This article will give a high level overview of stock options: what they are, how you get them, and some information you need to know!
Startup companies may offer stock options as part of their compensation package. This is a way to attract and retain the best talent for the company. Stock options give you the right to purchase shares of the company's common stock at a fixed price.
There are two types of options, Incentive Stock Options (ISO) and Non-Qualified Stock Options (NQO)– the main differences being tax related, as such, ISOs can only be granted to employees. Companies may also offer restricted stock which is treated differently and requires an up front purchase of the shares. This blog post goes into more detail about the differences between these equity types.
I have been offered stock options, what does this mean?
When an employee is granted options, they are given a contractual right to purchase shares in the company in the future. When that happens, a Stock Option Agreement is created and signed by both parties (company and grantee). This agreement includes information such as; your name, grant date, type of options granted (ISO or NQO), number of shares, grant price (the fixed purchase price), and vesting information (the amount of time in which you earn the right to purchase the shares, usually a 3-5 year period where batches of options vest every month or quarter).
The screenshot below shows a portion of the first page of Sophia's Incentive Stock Option (ISO) Award Agreement. Here we can see that she was granted 11,000 shares of common stock at an exercise price of $0.05 per share on March 7, 2020. She also has time based vesting starting on March 5, 2020.
Vesting can happen immediately or over time. In Sophia's example, her time-based vesting schedule is as follows: Every 3 months for 4 years with a 1 year cliff. This means the first batch of shares (25%) are vested on the 1-year anniversary of the vesting commencement date, March 7, 2021. The remaining shares (75%) will vest in 12 equal installments every 3 months for the next 3 years. Sophia's shares are expected to fully vest on March 7, 2024. The screenshot below shows a visual interpretation of this grant in Shoobx, which Sophia can view by clicking on the "My Equity" panel on her dashboard.
Am I required to exercise my options? How do I do so?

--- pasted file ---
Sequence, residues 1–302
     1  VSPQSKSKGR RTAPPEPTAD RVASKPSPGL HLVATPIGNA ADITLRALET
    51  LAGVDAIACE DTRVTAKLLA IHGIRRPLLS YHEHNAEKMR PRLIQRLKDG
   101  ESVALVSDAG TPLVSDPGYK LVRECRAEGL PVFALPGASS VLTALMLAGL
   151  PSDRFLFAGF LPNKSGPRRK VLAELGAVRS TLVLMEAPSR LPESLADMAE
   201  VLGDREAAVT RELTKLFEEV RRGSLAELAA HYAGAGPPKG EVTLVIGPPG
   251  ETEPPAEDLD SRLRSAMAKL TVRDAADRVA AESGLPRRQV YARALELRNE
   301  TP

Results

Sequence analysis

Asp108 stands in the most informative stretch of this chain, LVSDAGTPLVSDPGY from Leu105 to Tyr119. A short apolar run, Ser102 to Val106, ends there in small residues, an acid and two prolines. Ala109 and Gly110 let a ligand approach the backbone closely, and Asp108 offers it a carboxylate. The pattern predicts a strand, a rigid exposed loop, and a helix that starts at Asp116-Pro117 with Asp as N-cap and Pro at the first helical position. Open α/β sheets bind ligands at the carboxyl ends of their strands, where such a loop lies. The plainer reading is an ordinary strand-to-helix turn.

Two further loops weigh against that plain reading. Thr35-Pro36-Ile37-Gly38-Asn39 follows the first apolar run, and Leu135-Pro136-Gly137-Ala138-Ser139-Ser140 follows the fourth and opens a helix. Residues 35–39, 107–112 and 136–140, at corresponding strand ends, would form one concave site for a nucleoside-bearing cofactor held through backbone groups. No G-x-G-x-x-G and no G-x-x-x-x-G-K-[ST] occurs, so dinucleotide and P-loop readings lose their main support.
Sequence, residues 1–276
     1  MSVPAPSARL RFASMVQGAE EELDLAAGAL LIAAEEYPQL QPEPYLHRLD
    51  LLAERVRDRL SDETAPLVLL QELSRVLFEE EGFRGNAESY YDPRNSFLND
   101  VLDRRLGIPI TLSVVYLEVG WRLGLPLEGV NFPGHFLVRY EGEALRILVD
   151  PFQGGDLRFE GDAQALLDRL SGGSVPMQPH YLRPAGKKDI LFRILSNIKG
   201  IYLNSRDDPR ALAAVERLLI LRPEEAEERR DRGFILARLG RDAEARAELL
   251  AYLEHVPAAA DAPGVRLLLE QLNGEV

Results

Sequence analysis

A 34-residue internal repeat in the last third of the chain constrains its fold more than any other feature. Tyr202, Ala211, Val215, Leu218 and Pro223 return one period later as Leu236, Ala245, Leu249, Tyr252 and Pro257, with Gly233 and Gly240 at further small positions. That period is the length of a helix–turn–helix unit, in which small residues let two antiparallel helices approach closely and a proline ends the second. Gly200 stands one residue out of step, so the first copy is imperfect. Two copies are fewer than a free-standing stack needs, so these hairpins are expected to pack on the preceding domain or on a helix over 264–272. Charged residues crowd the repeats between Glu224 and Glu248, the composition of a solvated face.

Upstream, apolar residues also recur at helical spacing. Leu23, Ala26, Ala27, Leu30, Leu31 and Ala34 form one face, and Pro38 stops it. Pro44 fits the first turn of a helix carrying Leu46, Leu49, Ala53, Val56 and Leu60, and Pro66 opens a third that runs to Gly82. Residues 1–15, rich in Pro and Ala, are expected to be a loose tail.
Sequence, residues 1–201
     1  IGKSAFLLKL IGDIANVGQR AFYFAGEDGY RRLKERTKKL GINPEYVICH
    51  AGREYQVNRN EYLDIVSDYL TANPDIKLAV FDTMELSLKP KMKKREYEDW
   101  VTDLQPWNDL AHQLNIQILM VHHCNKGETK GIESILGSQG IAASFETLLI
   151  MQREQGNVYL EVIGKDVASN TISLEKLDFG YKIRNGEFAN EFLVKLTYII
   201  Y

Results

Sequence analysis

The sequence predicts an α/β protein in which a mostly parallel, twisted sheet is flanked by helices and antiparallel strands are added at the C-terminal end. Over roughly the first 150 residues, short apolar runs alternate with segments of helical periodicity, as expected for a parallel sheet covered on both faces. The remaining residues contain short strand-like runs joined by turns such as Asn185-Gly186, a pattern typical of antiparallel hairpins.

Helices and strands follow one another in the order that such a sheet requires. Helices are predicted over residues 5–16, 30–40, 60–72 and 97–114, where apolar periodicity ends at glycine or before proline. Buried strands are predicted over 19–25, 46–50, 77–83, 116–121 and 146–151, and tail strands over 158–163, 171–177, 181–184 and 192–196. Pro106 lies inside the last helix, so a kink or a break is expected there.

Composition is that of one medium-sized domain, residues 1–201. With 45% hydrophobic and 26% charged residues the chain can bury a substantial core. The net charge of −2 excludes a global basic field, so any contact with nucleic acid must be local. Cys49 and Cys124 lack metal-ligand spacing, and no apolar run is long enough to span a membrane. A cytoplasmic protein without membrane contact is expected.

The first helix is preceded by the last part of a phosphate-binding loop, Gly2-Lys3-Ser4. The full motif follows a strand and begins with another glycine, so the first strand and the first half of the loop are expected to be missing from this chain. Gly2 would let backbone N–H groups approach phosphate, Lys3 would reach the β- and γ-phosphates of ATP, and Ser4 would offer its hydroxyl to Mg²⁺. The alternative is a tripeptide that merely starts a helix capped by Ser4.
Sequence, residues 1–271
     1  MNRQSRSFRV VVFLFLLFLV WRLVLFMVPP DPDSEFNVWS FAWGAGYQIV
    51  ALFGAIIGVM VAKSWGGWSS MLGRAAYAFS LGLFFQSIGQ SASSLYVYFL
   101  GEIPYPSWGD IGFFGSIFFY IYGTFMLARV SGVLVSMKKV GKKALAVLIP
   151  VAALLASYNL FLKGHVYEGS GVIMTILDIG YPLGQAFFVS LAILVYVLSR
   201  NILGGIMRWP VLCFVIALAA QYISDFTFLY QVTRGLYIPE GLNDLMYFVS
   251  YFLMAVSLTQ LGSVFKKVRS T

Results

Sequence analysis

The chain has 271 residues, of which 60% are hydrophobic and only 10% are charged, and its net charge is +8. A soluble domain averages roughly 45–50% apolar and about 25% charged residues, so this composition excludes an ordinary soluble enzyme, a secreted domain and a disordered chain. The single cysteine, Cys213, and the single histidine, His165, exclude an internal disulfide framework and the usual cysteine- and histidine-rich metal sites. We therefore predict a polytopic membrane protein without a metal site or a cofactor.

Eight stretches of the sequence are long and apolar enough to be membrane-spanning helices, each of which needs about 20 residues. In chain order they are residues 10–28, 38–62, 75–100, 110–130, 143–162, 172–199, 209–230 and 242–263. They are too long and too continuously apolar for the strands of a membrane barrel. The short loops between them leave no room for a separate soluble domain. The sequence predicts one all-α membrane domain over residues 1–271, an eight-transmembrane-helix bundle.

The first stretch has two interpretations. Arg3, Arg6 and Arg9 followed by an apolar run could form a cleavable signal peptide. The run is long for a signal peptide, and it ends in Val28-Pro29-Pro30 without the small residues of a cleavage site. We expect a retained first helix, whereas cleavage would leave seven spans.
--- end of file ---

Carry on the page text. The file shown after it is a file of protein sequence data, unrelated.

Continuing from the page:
You are not obligated to ever exercise (or purchase) your options, but if you choose to, your options will be exchanged for shares of common stock. Shoobx allows you to quickly view the details and keep track of the equity you have acquired through your employer. There are many things to take into consideration when deciding to exercise such as; how is the company doing, can you afford the purchase price, and is it a good time to exercise? We recommend speaking with your tax and financial advisors when making these decisions.
When can I exercise my options if I choose to?
Remember, you can only exercise your options if they've vested, unless your company offers early exercise - meaning you can exercise options at any time, regardless of whether they're vested. Something else to keep in mind too, is that options usually expire after 10 years, or a shorter span of time if you leave the company. That means that, f the options are not exercised (purchased) in the given timeframe, you will have to forfeit them.
For example, if you decide to leave the company, your shares stop vesting immediately and you only have the option to purchase your “vested shares.” You also only have a certain amount of time called your post-termination exercise period (decided by the company) to exercise these. If you leave on good terms, this period is usually 90 days.
I'm ready to exercise my options. Now what?
As always, if you have any questions that are not addressed in this article let us know by emailing firstname.lastname@example.org!